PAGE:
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Sioux City Human Library challenges stereotypes while fostering conversation
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Sioux City Human Library challenges stereotypes while fostering conversation

Western Iowa Tech Human Library

Nick Rogers of Moville, Iowa, pauses while speaking during a Human Library event at Western Iowa Tech Community College in Sioux City. An ATV accident paralyzed him in 2011. Students had the opportunity to listen to and ask questions of 32 human "books" who told stories of their lives.

SIOUX CITY -- A 6-foot 3-inch man with a beard and a career in the mental health field, Carter Smith knows he doesn't fit into anyone's idea of what an adult survivor of sexual assault should look like.

"Everybody knows that sexual assault survivors are always kids or girls, right?" he said. "But I'm not a kid and I'm not a girl. I'm a guy, who was given a roofie and sexually assaulted at a local event in 2016. I've been coming to terms with that ever since."

Smith was one of the more than 30 people challenging stereotypes during a special Human Library event, held Oct. 9 at Western Iowa Tech Community College's Rocklin Conference Center.

According to event coordinator Teresa McElroy, Human Library programs have been popping up on college campuses across the country.

[Read more: Morningside College, WITCC collaborate on Project Siouxland program.]

"A Human Library has individuals -- or 'books' -- who represent a group in a community that is exposed to stigma, prejudice or discrimination," she said. "We aim to establish a safe, conversational space where difficult questions can be asked and answered.

"This isn't a storytelling session," McElroy said. "We want participants to engage with questioners in a candid way." 

Western Iowa Tech Human Library

Students gather around a table to hear Vietnam veteran Ray Rivera of Sioux City talk about his wartime experiences clearing Viet Cong tunnels during a Human Library event at Western Iowa Tech Community College in Sioux City. 

She said such honest exchanges help to challenge societal prejudices and allow people to form a better understanding of experience they may share with others in the community.

This is why Smith decided to become a "book" at this Human Library.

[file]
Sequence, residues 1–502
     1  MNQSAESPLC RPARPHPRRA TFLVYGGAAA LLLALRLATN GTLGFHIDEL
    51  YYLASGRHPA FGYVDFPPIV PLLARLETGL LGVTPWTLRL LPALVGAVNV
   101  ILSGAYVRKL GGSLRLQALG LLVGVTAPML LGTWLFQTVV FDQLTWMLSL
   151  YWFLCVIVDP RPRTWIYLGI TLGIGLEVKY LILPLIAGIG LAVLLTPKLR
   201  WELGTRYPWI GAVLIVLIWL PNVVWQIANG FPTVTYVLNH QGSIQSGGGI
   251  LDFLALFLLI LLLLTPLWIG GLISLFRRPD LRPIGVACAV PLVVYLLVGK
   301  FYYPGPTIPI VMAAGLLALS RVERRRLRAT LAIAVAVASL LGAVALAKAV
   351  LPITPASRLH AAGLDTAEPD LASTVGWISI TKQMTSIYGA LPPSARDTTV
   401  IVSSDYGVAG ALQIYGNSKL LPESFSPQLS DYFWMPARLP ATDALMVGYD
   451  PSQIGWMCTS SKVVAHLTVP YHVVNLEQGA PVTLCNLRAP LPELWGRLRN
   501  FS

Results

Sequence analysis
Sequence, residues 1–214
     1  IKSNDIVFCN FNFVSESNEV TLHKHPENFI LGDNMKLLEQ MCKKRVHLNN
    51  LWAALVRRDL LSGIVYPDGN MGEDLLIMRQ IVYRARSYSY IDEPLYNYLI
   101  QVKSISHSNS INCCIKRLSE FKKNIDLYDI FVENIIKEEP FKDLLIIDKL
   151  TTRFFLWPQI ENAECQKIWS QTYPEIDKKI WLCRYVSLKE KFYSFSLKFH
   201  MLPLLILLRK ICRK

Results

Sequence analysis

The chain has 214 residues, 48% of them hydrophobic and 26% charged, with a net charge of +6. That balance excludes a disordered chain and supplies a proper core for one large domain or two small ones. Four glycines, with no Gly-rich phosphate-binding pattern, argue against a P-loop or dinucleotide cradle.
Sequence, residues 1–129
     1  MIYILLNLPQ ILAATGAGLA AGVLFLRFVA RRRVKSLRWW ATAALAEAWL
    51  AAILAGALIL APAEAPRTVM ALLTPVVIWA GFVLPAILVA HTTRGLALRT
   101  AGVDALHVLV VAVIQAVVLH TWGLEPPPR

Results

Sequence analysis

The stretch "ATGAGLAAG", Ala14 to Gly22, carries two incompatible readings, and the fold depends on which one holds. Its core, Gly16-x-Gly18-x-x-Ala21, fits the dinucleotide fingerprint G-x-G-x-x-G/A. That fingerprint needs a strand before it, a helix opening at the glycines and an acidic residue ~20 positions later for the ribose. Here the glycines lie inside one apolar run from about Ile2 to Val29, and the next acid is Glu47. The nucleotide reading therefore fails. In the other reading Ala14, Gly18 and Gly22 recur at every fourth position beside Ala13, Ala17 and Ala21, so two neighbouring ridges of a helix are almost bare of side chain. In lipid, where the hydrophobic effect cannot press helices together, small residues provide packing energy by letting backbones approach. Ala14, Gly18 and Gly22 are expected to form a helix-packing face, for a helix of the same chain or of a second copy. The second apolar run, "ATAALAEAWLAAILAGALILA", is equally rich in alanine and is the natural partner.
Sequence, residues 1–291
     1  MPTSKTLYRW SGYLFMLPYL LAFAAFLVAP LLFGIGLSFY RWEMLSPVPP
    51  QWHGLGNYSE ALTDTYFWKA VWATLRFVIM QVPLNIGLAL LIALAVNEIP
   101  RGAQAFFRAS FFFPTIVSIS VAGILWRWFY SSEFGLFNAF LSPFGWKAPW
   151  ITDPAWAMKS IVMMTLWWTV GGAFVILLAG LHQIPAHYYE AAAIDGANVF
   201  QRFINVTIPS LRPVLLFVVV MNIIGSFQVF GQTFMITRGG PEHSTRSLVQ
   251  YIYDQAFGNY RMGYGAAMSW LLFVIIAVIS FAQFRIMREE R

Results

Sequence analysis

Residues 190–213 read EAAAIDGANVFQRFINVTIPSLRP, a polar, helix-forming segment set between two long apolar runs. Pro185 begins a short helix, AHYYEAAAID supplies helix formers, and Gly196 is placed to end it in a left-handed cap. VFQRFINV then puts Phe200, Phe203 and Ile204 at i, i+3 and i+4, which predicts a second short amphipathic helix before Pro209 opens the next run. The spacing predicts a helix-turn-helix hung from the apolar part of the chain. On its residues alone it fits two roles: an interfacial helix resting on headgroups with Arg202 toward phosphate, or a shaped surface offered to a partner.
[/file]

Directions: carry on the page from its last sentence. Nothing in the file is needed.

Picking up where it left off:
"When you see me, you don't see my scars because they're internal," he said. "But they're real and they hurt and they make you feel like you're the only person in the world to experience it."

"If I can only make one sexual assault survivor realize he's not alone, I'll know I've made a difference," he said.  

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Erica Carter's "scars" aren't hidden. A skiing accident turned the former outdoor recreation guide into a quadriplegic more than seven years ago.

[More from living: Surgeries correct Siouxland teen's painful flat-feet deformity.]

Carter said she's been asked if quadriplegics can live alone, drive a car or even work for a living.

"I say yes to all three," said Carter, the fiscal manager for the Council on Sexual Assault and Domestic Violence (CSADV).

Plus she's fielded more personal inquiries.

"I've had people say they've had family members who were quadriplegics," Carter said. "They always wanted to ask that family member certain questions but didn't feel comfortable doing so.

"They'll ask me because I'm considered a safe alternative," she said.

Carter was in her mid-20s when she suffered her injuries. On the other hand, Nick Rogers was just a 15-year-old high school freshman when an ATV accident in rural Woodbury County left him a quadriplegic.

"I had to adjust to life in a wheelchair while still keeping up my school homework," Rogers said with a smile.

Apparently, it all paid off. He graduated from high school, earned a business degree from a two-year college and now has his own bookkeeping business.

"I became involved in the Human Library because I wanted to educate people about disabilities," Rogers explained. "You can still do the things you want to do in life. You just might need to do them in a different way."

Which is exactly what McElroy wants people to take away from Human Library programs.

"It is all about relating to other people," she said, "and realizing we're not so far apart."


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